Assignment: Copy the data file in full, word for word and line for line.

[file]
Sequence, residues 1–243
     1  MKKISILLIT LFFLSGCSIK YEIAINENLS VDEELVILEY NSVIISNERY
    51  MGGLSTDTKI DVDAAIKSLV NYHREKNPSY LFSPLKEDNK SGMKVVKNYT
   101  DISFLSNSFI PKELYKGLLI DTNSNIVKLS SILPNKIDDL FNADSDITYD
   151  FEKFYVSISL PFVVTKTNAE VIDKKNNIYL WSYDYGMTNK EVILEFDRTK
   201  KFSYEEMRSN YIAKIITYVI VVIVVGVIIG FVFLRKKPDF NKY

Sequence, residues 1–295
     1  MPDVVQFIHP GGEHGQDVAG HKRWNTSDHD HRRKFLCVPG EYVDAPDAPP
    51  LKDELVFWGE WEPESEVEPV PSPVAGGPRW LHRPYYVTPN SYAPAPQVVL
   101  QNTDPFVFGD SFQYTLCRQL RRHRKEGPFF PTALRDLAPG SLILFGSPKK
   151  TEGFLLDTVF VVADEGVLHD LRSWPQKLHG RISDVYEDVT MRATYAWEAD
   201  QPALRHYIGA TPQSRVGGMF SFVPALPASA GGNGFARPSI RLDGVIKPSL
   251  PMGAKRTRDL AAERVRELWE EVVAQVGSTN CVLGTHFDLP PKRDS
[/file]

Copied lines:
Sequence, residues 1–243
     1  MKKISILLIT LFFLSGCSIK YEIAINENLS VDEELVILEY NSVIISNERY
    51  MGGLSTDTKI DVDAAIKSLV NYHREKNPSY LFSPLKEDNK SGMKVVKNYT
   101  DISFLSNSFI PKELYKGLLI DTNSNIVKLS SILPNKIDDL FNADSDITYD
   151  FEKFYVSISL PFVVTKTNAE VIDKKNNIYL WSYDYGMTNK EVILEFDRTK
   201  KFSYEEMRSN YIAKIITYVI VVIVVGVIIG FVFLRKKPDF NKY

Sequence, residues 1–295
     1  MPDVVQFIHP GGEHGQDVAG HKRWNTSDHD HRRKFLCVPG EYVDAPDAPP
    51  LKDELVFWGE WEPESEVEPV PSPVAGGPRW LHRPYYVTPN SYAPAPQVVL
   101  QNTDPFVFGD SFQYTLCRQL RRHRKEGPFF PTALRDLAPG SLILFGSPKK
   151  TEGFLLDTVF VVADEGVLHD LRSWPQKLHG RISDVYEDVT MRATYAWEAD
   201  QPALRHYIGA TPQSRVGGMF SFVPALPASA GGNGFARPSI RLDGVIKPSL
   251  PMGAKRTRDL AAERVRELWE EVVAQVGSTN CVLGTHFDLP PKRDS